It’s time for Jaamal Berry to leave the Ohio State football program. Not for a couple days, games, or weeks.
He needs to go.
After being charged for assault, battery and disorderly conduct Wednesday, based on an Oct. 21 incident in Columbus, Berry was suspended from the team. But head coach Luke Fickell needs to set a precedent for the post-Jim Tressel era of football at OSU and kick Berry off the team.
This isn’t Berry’s first run-in with the law.
He was allegedly involved in another assault as recently as Sept. 28 and was arrested for marijuana possession before even enrolling at OSU. The bottom line is he can’t stay out of trouble.
I’m all for second chances. Young adults are going to make mistakes, but at some point somebody needs to draw the line. And the line at OSU should be a little stricter than at other schools because of everything the program has been through.
With Tat-gate and all the ensuing insanity it caused for the program, OSU has had enough negative headlines for a lifetime. Berry and any other distractions just add fuel to the already negative image OSU has attached itself to.
OSU has always portrayed itself as a program of integrity. Ever since Woody Hayes, OSU football was at least perceived as a program that won and won the right way. The mentality has been a core facet in OSU’s success ever since. It brought in talented recruits and created a product people wanted to cheer for. Tressel carried on the image, but with his tumultuous exit, that image was destroyed.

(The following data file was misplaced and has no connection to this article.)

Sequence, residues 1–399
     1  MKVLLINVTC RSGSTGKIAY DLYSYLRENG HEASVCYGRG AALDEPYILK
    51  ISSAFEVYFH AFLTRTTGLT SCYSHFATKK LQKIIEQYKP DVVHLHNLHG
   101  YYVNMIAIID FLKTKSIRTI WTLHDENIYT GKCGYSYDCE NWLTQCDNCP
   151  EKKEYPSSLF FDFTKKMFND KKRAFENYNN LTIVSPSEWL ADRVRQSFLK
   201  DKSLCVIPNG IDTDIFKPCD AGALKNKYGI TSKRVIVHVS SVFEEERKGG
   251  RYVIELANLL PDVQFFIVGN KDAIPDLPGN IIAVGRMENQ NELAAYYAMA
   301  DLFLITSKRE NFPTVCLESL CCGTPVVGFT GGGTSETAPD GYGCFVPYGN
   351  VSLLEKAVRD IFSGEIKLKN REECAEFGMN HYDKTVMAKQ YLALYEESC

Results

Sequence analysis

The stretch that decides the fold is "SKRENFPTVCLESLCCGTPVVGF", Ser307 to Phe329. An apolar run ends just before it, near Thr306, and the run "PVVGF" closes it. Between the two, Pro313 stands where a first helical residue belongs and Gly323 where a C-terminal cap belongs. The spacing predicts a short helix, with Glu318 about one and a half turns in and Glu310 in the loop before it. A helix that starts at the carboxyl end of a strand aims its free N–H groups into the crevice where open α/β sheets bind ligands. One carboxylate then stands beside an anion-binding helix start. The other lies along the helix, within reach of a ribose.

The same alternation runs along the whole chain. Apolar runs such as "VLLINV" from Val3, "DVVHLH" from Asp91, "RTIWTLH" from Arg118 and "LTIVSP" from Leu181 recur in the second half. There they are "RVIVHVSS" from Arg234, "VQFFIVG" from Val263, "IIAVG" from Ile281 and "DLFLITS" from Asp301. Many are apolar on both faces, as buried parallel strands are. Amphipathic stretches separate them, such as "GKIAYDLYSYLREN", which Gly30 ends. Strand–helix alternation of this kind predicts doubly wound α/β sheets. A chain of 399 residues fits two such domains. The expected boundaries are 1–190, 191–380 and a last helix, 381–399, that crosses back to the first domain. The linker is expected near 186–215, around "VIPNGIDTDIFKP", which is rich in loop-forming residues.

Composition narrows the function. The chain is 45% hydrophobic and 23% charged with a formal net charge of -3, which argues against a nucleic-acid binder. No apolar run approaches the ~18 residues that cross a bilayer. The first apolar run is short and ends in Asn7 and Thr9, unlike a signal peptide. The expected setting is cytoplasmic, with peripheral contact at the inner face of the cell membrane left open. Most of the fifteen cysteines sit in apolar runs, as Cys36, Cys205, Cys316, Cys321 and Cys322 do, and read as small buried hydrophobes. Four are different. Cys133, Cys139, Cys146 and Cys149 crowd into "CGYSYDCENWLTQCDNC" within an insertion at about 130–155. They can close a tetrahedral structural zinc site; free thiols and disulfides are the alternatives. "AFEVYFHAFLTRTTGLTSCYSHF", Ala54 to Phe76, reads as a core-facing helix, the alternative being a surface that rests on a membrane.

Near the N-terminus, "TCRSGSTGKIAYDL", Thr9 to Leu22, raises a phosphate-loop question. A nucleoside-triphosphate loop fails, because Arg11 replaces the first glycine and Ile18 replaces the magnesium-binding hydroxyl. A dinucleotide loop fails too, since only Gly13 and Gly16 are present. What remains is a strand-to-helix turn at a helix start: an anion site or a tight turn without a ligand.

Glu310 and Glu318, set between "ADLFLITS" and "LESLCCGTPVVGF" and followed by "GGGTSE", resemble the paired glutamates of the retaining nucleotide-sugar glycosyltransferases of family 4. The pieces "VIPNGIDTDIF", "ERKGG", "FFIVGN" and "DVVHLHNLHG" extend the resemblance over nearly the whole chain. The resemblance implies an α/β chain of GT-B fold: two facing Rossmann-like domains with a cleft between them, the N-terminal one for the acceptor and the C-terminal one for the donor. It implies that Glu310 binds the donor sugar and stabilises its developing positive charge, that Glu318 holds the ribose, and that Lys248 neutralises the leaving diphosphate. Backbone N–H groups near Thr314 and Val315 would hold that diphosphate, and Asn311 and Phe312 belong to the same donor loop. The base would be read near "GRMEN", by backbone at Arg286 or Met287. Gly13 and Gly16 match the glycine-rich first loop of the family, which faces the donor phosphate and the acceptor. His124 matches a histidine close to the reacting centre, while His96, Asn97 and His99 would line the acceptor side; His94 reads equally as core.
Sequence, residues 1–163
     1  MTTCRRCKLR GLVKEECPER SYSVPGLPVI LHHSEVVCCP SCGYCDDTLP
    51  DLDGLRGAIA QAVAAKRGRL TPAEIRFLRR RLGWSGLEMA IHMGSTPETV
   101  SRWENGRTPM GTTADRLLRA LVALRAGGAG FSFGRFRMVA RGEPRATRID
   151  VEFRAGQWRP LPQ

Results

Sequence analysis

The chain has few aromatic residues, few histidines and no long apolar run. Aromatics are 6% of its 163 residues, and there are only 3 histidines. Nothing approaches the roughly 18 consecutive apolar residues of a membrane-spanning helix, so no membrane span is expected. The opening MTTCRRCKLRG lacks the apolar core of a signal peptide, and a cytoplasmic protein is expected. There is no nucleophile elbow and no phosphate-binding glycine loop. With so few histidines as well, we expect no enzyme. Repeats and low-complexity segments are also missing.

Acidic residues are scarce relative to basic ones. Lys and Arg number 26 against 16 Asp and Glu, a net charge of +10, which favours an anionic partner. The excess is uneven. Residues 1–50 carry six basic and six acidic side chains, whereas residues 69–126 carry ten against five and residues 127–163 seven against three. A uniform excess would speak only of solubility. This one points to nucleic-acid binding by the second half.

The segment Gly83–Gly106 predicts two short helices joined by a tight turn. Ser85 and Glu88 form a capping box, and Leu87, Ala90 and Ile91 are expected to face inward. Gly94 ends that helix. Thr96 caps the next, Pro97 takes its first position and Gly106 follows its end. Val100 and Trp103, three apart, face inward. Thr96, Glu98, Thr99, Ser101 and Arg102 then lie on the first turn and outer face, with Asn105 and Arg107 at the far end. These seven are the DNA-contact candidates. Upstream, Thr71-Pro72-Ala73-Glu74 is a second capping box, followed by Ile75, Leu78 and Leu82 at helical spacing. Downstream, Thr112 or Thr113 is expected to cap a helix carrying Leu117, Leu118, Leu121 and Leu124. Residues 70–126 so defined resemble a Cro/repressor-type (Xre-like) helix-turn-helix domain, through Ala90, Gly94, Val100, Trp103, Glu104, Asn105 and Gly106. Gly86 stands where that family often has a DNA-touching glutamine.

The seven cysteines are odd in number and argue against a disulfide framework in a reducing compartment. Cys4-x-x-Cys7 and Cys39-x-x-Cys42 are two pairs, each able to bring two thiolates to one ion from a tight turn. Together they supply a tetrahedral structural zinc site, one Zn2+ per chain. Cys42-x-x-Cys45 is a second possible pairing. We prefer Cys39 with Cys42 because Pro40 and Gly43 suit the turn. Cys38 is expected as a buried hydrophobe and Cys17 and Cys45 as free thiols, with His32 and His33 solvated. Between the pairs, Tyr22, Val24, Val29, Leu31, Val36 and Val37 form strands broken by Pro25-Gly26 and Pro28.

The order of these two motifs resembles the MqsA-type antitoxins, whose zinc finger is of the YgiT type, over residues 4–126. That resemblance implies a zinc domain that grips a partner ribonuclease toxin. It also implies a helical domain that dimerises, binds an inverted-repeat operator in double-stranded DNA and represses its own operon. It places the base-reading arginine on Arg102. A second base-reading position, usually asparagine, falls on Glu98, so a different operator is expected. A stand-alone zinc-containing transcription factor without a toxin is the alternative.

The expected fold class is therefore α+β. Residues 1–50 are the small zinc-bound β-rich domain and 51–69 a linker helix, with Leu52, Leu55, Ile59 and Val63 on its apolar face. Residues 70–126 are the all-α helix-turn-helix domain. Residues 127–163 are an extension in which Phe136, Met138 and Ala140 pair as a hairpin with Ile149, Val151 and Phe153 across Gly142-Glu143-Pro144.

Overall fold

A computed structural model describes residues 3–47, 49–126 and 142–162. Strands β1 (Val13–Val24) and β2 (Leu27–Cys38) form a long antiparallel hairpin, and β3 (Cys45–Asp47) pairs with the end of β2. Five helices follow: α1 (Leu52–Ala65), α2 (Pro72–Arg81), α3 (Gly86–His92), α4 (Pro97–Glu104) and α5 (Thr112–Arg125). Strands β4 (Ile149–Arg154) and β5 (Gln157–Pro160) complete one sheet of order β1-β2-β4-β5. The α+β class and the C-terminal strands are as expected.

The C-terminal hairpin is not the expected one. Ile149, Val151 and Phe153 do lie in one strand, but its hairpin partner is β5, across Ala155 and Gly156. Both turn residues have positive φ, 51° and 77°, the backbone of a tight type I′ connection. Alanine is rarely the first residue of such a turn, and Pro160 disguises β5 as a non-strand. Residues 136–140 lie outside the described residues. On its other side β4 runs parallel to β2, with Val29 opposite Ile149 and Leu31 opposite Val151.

Now the program is in a transition period. It’s up to Fickell to rebuild the image and restore the luster of the program. By kicking Berry off the team, Fickell takes the first step in the rebuilding process. He tells the rest of the college football world that OSU will not stand for bad behavior and actions that embarrass the program and compromise what it represents.
But more important than telling everyone else, Fickell would be sending a message to his team.
The sturdiest structures are solid at their foundation and the foundation of a football team will always be the football players. If Fickell can send a message to the most fundamental level of the program, the larger and more complicated matters will take care of themselves.
I’m sure it’s difficult to look a kid in the eye and tell him he’s no longer wanted. You’re about to change the player’s entire life, but playing football for the Buckeyes is a privilege. It sounds cliché, but there are hundreds of other athletes who would love the opportunity to run out of the scarlet tunnel into Ohio Stadium on a fall Saturday afternoon. If someone compromises their opportunity, not just once, but multiple times, that player obviously doesn’t value it and should be dismissed.
Suspending Berry from the team was a good first step and makes sense legally, but Fickell needs to finish the job and show Berry out.